When it comes to reusing items, Jen Lopez, the co-founder of Clever Octopus, has been doing it all her life. Her father grew up in Cuba in the 1960s, during communist times when it was necessary to save items and reuse them later on. Lopez can recall multiple instances as a child when they would see something shiny in the road and her father would stop to grab it.
“It would always be something really cool and useful,” she says. “One time, he found a wrench. Another time, there was a dresser on the curb in our neighborhood, and he said, ‘We’re gonna go get that.’ He fixed it up, and it wound up being my mom’s sewing cabinet for years.”
Lopez’s mother was also no stranger to reusing items. She grew up on a farm in east Texas and would save all kinds of pieces and parts like baling wire.
“During the summer, my brother and I would make our own rope swings out of baling wire, twine, and whatever boards we could find lying around,” Lopez recalls. “It kept us entertained. Growing up, I never realized that other people didn’t necessarily save pieces and parts and make other items out of them. For us, it was just normal.”
A New Life for Old Materials
After moving to Utah in 2006, Lopez noticed the lack of art supply stores.
“We didn’t really have much in the way of places to get odds and ends. We had regular thrift stores, but we didn’t have places to get weird stuff that you might use for making things,” Lopez recalls. “I thought, ‘Well, I could really use a place to get these things.’”
Inspired by a store she frequented while at school in North Carolina called Scrap Exchange, Lopez set out to create her own version, and that’s how Clever Octopus was born.
Clever Octopus Is Born
Clever Octopus, a nonprofit organization located in Salt Lake City, Utah, is a creative reuse center. They collect donated materials from individuals and businesses throughout the community and turn them into art supplies.
“Maybe you tried oil painting and you realized that that is totally not your bag, but you want to try water color instead. Those are the kinds of materials that we get in from various places,” Lopez explains. “And our industrial partnerships are really cool. We get some unusual materials that can be repurposed in really cool ways.”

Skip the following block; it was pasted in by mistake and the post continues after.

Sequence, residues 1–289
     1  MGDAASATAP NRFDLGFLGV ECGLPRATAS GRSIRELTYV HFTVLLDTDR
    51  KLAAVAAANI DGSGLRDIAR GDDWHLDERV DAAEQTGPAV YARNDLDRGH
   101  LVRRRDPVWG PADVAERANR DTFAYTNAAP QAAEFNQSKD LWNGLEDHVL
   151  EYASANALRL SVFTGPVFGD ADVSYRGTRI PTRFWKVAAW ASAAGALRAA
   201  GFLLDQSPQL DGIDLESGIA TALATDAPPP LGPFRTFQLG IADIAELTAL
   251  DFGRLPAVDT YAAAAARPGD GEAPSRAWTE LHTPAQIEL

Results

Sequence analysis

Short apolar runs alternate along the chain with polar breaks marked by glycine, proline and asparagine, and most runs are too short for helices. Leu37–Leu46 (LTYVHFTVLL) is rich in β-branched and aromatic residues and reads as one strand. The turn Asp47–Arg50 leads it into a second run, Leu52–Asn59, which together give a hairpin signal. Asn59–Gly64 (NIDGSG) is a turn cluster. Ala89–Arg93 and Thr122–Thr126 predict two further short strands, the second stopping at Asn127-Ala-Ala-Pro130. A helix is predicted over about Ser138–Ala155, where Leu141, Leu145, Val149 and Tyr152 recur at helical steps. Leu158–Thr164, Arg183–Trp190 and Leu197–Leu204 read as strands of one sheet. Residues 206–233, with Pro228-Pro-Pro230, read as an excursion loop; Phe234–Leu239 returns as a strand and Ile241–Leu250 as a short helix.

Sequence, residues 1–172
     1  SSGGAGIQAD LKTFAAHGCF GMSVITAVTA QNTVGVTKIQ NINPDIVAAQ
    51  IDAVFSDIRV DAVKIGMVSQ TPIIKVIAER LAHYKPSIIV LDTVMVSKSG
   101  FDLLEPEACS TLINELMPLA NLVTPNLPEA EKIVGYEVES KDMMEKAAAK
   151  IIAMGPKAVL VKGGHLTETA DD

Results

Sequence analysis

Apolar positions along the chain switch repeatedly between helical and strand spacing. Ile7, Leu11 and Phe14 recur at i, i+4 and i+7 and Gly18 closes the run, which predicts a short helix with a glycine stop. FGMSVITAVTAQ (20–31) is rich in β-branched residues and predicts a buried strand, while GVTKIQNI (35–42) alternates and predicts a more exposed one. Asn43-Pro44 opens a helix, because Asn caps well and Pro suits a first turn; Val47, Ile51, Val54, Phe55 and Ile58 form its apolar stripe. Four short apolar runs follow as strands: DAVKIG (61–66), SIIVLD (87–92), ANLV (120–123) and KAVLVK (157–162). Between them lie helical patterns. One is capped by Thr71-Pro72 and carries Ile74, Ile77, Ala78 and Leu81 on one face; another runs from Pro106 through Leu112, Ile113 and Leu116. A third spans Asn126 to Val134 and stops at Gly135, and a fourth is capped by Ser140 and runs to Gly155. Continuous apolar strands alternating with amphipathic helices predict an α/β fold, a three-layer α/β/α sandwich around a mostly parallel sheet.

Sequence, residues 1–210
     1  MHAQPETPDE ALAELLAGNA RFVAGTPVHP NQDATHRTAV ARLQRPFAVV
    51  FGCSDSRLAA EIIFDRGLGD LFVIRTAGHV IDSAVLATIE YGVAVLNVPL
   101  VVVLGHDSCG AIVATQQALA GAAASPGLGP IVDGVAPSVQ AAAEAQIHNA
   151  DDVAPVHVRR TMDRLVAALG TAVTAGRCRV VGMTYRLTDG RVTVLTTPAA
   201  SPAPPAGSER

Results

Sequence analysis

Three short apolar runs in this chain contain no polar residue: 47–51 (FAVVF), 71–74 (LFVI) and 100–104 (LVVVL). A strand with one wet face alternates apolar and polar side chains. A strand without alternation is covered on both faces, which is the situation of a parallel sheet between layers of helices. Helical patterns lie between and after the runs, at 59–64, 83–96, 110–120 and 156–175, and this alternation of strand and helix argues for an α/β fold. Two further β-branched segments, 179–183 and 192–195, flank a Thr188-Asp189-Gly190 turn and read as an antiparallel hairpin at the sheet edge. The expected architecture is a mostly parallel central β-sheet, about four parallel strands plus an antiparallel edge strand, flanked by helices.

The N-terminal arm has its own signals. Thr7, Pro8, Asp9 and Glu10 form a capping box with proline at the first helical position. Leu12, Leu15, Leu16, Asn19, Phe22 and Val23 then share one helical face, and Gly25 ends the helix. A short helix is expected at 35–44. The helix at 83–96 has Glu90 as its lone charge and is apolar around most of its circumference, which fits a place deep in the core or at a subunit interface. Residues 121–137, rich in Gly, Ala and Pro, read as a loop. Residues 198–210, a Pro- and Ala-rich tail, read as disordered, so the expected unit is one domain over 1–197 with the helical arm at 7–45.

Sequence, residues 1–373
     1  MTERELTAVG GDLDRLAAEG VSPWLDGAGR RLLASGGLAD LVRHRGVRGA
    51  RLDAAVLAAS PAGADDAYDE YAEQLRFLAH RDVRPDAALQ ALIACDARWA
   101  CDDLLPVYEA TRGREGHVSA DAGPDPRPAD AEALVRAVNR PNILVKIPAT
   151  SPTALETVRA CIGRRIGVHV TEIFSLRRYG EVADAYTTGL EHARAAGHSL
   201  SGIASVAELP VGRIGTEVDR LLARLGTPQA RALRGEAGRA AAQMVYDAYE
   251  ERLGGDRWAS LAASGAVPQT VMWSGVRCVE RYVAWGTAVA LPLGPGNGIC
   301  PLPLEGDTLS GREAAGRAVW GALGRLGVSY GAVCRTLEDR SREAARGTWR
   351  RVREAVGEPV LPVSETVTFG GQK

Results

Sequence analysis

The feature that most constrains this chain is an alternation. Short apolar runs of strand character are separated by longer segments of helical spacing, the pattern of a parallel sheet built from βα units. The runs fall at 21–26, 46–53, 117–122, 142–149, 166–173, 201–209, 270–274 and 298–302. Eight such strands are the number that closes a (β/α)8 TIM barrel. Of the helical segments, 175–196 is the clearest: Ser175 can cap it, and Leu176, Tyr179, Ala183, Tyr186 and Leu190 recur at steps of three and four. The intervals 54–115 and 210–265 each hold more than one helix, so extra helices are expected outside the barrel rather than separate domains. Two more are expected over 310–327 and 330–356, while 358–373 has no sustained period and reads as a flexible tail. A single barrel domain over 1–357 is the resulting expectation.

Recently, they received a bunch of foam and padding from a mattress company, which Lopez plans to transform into dog beds.
Clever Octopus also has a market within its store that sells handmade items by local artists. For example, Lopez has been taking part in creating ottomans that are for sale in the shop.
“They’re made out of upholstery items that we got into the shop. I sew them into a cube and then stuff them full of about 40 pounds of miscellaneous fabric that would otherwise go to the landfill,” she says.
Aside from the market and items for art supplies, Lopez and her staff also offer community programs such as sewing classes that teach how to reuse textiles and other items that people may not normally think of.
Along with the programs, co founder Sheri Gibb came up with the idea of the Octopod Mobile, which allows them to provide a variety of classes on the go.
“Typically with brick and mortar stores, you’re limited with transportation,” she says. “My goal with the Octopod was to be able to take art into a community that couldn’t come to us.”
Giving Back to the Community
Lopez and Gibb are also Clever Octopus board members and try to give back to the community whenever possible.
“Our whole intent is to make a difference with the product or the service that we’re providing. We want to create passion within the community,” Gibb says.
At the beginning of the year, Clever Octopus launched a nonprofit reward program that works with eight other nonprofits.
“We have a giant octopus on the wall, and each of the arms has a can. When people come in and shop with us, they get a token, and they can use those tokens to vote for their favorite organization,” Lopez explains. “That organization then gets money toward their projects and programs. They also get store credit to shop for materials.”
Lopez, Gibb and the rest of the Clever Octopus team are dedicated to the organization and hopes that it will continue to grow.
“Our goals are much bigger than where we are now,” says Lopez. “We want to be able to have a livable wage for all of our staff, but we aren’t there yet. Once we do that, we’re going to work on expanding.”
The team have high hopes to put Clever Octopus in other areas throughout Utah such as Ogden, southern Utah, and Logan.
To learn more, visit cleveroctopus.org.
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